Wine, Words & Wednesday, No. 72

Today’s words come to us from Sir Francis Bacon — 16th century philosopher, statesman, scientist, lawyer, and . . . inventor of bacon.  I’m kidding about the bacon part, that’s an urban myth (bacon actually dates back to China, circa 1500 BC).  But, Sir Bacon did give us the Bacon Method, which would later evolve into the Scientific Method of discovery.  Not quite as delicious as bacon, but still important.

Sir Bacon (it’s really fun to call him that) also gave us these words (well, sort of):

Age-appears-best-in-four1

Sir Bacon is often given credit for these words, and they are found in The Philosophical Works of Francis Bacon, specifically, in a book called, Apophthegms, Old and New.  I’ll admit I had to look that one up — an apophthegm is a saying, or maxim (why write a book of maxims when you can make people try to pronounce apophthegms?).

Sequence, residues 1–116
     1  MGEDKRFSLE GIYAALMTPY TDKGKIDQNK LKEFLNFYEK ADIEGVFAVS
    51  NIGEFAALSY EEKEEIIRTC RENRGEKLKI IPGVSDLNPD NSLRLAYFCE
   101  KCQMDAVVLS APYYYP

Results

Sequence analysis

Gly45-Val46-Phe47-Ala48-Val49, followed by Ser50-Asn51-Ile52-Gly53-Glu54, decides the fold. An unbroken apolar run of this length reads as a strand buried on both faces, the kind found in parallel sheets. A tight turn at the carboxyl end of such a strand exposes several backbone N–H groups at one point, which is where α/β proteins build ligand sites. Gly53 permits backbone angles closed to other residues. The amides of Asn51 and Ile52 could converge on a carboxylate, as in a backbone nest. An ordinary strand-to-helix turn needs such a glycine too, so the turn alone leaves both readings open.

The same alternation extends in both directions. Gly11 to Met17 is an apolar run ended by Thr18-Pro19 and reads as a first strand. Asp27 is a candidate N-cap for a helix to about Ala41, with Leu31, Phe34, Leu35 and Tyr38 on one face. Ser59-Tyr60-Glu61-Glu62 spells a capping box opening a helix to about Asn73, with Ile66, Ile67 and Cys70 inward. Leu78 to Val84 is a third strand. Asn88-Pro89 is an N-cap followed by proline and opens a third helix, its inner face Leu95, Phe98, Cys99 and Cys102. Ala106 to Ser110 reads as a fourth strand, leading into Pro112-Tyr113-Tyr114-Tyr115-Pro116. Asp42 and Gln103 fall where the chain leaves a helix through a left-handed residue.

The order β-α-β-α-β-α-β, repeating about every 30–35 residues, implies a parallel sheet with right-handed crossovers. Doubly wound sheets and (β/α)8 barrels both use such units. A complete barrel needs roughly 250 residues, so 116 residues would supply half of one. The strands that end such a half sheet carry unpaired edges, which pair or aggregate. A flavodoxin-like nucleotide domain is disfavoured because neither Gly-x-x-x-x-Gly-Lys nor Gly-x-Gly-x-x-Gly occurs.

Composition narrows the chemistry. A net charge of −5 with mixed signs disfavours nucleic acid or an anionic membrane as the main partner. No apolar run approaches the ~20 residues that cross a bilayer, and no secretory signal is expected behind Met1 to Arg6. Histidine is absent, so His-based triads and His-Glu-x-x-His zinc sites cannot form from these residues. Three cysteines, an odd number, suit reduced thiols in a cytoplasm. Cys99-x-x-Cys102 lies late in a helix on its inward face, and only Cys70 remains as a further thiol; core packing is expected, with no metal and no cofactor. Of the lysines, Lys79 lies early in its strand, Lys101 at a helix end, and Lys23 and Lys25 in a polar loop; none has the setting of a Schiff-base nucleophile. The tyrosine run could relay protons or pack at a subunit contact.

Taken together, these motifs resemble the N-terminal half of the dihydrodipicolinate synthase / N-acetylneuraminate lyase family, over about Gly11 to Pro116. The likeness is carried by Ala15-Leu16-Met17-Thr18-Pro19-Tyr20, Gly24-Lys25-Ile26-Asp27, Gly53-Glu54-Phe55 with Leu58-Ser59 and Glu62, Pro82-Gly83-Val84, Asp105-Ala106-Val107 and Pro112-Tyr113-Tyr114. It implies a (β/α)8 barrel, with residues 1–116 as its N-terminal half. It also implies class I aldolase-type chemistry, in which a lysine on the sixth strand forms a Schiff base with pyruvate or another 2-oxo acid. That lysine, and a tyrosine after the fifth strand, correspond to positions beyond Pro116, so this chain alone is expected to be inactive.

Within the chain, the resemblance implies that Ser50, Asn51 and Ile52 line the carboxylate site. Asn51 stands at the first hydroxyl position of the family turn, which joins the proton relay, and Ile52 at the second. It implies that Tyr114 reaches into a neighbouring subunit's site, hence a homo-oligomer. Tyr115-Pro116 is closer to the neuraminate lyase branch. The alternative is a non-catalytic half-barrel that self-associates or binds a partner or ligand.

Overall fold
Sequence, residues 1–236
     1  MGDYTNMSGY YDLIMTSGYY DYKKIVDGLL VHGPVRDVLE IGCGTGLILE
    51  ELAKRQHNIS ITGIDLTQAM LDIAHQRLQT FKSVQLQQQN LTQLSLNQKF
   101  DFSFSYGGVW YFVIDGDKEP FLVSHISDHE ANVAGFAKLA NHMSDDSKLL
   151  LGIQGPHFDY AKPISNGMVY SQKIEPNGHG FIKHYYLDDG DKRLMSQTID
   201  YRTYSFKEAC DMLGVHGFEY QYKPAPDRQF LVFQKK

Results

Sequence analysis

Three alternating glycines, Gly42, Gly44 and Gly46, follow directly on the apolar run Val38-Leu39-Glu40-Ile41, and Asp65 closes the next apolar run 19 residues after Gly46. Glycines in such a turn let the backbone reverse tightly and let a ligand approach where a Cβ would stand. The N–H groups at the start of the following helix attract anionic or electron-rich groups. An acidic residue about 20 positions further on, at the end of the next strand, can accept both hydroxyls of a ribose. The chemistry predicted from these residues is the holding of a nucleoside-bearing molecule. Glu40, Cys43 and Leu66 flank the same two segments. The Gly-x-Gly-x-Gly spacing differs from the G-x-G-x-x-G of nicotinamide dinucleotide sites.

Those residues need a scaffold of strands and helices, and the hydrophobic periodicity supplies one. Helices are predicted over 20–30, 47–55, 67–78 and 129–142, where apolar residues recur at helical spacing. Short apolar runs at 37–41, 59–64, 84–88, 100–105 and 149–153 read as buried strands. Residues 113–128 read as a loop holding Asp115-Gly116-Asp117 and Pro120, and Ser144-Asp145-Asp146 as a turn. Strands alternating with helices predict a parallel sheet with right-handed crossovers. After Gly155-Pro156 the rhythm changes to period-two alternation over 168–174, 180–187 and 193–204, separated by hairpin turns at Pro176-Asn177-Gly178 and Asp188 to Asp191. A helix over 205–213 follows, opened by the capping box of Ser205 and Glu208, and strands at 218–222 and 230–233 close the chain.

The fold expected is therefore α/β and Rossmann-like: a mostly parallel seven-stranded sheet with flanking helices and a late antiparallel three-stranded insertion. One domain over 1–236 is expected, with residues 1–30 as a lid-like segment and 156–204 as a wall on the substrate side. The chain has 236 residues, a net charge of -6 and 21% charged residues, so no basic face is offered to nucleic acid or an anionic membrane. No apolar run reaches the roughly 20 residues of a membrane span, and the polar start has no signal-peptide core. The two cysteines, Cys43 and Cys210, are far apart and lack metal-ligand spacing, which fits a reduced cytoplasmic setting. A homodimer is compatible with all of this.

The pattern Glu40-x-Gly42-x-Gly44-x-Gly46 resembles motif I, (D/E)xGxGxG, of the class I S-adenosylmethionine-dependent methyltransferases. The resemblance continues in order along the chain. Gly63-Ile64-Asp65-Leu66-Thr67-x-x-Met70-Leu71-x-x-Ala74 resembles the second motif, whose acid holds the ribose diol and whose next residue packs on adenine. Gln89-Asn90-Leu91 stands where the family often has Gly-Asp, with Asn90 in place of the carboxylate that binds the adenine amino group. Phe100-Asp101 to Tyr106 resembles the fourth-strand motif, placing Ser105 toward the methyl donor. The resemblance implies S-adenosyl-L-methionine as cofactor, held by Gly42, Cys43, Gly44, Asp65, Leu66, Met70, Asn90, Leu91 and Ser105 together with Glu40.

Sir Bacon attributes the words to Alonso of Aragon (a strong entry in Who’s Who in Completely Obscure Historical Figures — if you’re dying to know, Alonso of Aragon was the Archbishop of Zaragoza and Valencia, Spain, circa 1512).  Here’s the full text:

Alonso of Aragon was wont to say, in commendation of age, that age appeared to be best in four things:  old wood to burn, old wine to drink, old friends to trust, and old authors to read.

I wholeheartedly agree.

Here’s to old things . . . Salud!
______________________

Bacon, Francis, and John Robertson. The Philosophical Works of Francis Bacon: Reprinted from the    Texts and Translations with the Notes and Prefaces of Ellis & Spedding. London: Routledge, 1905.

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